May 24--In a decade, Bell Helicopter has shifted, even lurched, at times from one priority to another, one crisis to another.
John Garrison, the fifth chief executive in nine years, says he wants to change that by setting a clear, focused and balanced long-term direction.
That direction and his mission, Garrison says, are to return Bell to a place of technological and business leadership in an industry where it was once viewed as the gold standard of excellence.
In his first interview since taking over as CEO in August, Garrison said he's "thrilled, honored and humbled" to be running Bell because of the company's "incredible legacy" of building civil and military aircraft that perform "amazing feats."
Garrison is a veteran of seven years leading the industrial businesses of Bell's parent company, Textron Inc. Last week was the first time had been in his office at the company's headquarters for three consecutive days since being sent to Fort Worth.
"It's been a fast and furious seven or eight months," he said. "I've been out talking to our military and commercial customers, really listening to what they need."
Garrison is low-key and earnest, not boiling over with energetic enthusiasm. He is a youthful-looking 50, with sandy hair and just a touch of gray at the temples.
His overarching vision for Bell is simple and direct, he says: one company focused on taking care of its customers. All its customers -- military and commercial.
"The vision starts with the mission, and the mission is one Bell, one team, and the mission is to help our customers be successful," Garrison said. "Getting everybody focused on that mission, one single direction, is what I've been spending a lot of time doing."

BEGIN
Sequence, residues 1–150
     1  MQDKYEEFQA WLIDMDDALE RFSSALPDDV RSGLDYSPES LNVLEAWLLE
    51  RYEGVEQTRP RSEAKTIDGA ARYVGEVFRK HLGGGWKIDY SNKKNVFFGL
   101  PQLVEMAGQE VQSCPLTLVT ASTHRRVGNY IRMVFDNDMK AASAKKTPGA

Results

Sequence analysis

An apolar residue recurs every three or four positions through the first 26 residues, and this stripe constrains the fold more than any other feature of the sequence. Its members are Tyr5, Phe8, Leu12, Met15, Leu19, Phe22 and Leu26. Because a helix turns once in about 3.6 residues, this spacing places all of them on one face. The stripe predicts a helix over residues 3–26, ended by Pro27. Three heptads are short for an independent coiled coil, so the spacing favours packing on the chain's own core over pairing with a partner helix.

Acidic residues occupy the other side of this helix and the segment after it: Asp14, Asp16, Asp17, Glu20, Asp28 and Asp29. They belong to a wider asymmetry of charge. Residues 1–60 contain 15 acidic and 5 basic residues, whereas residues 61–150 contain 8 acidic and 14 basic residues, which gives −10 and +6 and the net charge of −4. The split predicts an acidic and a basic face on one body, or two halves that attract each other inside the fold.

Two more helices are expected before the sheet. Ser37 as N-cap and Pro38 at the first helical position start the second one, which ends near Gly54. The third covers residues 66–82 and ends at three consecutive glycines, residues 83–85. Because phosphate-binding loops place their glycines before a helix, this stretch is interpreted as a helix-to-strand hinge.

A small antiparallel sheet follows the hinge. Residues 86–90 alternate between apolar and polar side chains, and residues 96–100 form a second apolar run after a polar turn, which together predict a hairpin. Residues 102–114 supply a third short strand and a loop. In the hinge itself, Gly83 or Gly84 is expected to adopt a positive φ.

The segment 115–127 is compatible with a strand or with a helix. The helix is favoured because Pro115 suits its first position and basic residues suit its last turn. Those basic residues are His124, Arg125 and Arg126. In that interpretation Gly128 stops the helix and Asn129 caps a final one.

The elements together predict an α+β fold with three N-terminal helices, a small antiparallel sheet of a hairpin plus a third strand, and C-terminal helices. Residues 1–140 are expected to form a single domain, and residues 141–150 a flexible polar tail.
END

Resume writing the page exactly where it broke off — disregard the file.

Garrison is a rarity in the aerospace industry in that he has no experience with any aviation company.
A 1982 graduate of West Point, Garrison served 10 years of active duty in the Army as an Airborne Ranger and taught in the social sciences department at West Point, where the Army assigns promising officers to broaden their education and intellectual horizons.
After getting a master's degree in business administration from Harvard, Garrison worked in upper management with affiliates of Enron and agricultural equipment manufacturer Case before joining Textron in 2002.
Garrison comes to Bell at what appears to be an opportune moment. For the first time in years its business seems stable and possibly on the verge of sustained growth. Long overshadowed by its high-profit sibling Cessna Aircraft Co., Bell was the star performer last year for Textron, with $304 million in operating profits.
The company's military business, in particular, should be poised to generate profits and cash flow. After three decades, development of the often controversial and problem-plagued V-22 Osprey is largely complete. The challenge now is meeting promised production goals, from 20 planes in 2009 to 28 this year to about 35 a year.
Deliveries of Marine H-1 helicopters, another long-troubled and delayed program, are slated to double. Wear and tear on military helicopters in Iraq and Afghanistan continues to generate high demand for profitable spare parts.